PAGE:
The document emphasizes the importance of removing vertical and horizontal inequalities within and between the country’s regions. It also proposes more effective and responsive governance there along with more equitable means of wealth distribution to those in society who need it the most, including through affirmative action policies. Considering the contemporary domestic context, this can be understood as a reference to Balochistan and related challenges in that region. Strategic Russian investments there could go a long way towards advancing the NSP’s comprehensive goals.
To elaborate, it might be the case that the ties that Moscow cultivated in that region during the Soviet era could still endear it to the local population despite the changing geopolitical and ideological contexts across the past three decades. Instead of secretly cultivating sub-nationalism like in the past, Russian involvement in Balochistan could be purely economic and coordinated with the national authorities in order to bring maximum benefits to that region’s people. Importantly, there aren’t any controversial perceptions about potential Russian investments there unlike China’s existing ones.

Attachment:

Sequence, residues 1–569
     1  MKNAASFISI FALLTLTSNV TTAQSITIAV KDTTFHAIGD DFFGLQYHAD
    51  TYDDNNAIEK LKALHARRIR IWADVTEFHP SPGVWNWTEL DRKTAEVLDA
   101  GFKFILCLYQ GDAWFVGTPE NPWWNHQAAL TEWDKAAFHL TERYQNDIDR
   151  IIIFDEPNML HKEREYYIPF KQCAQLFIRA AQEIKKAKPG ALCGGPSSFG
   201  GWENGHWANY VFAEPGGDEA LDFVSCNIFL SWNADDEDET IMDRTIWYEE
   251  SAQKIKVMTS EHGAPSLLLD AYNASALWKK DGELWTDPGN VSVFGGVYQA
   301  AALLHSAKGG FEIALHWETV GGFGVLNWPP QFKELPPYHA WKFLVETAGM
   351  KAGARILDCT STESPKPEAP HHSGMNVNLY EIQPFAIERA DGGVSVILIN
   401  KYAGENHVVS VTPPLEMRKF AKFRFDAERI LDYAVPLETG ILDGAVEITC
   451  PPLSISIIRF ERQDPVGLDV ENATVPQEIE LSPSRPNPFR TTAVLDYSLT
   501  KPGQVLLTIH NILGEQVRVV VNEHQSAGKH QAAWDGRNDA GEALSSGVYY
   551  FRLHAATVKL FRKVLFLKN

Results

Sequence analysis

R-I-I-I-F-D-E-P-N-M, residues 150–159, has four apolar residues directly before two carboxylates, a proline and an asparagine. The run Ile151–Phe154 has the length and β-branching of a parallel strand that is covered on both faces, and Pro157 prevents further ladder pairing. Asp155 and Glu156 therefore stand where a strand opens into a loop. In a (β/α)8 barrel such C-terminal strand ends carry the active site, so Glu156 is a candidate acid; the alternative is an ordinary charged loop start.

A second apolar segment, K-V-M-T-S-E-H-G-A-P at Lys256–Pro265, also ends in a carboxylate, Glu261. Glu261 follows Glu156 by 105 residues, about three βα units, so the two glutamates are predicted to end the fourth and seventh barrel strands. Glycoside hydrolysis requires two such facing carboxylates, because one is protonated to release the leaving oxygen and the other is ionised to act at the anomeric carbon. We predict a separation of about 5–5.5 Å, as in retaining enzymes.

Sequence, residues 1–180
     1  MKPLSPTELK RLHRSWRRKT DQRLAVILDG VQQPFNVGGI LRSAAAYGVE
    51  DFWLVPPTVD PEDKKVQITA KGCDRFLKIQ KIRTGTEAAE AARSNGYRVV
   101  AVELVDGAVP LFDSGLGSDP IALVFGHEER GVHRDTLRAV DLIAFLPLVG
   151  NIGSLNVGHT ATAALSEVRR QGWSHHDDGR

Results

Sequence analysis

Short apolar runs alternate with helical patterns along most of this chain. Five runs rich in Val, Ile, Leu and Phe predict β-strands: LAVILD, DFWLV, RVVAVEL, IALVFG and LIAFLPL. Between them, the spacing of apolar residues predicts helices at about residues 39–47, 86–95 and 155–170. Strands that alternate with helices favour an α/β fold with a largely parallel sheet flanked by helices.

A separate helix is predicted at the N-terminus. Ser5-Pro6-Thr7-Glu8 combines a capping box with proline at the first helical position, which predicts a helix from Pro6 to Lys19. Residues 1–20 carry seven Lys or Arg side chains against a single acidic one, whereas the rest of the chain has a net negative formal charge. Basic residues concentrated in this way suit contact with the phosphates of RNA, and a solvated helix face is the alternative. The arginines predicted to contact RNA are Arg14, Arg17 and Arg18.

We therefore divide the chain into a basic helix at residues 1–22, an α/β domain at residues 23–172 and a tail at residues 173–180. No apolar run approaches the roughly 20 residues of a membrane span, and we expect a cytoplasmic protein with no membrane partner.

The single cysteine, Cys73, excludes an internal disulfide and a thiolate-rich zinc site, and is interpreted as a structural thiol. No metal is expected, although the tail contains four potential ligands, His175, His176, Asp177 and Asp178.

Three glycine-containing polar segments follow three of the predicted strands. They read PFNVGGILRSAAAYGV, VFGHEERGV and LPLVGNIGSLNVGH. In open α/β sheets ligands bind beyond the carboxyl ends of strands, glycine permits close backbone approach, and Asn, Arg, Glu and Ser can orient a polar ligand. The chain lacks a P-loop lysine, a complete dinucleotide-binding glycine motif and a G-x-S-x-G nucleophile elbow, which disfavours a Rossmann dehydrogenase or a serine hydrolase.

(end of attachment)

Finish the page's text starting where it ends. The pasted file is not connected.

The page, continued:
Since PAKAFUZ endeavors to eventually connect Russia to the Indian Ocean, it would be natural for Moscow to consider investing in the adjacent Balochistan region, especially since it serves as the terminal point for the flagship project of China’s Belt & Road Initiative (BRI), the China-Pakistan Economic Corridor (CPEC). That’s not to imply that Russia would participate in CPEC, which it’s unlikely to ever due out of respect for its special and privileged Indian strategic partner’s sensitivities, but just that its companies can take advantage of existing Chinese investments there in energy and transport.
How Pakistan can lure Russian investments in the country?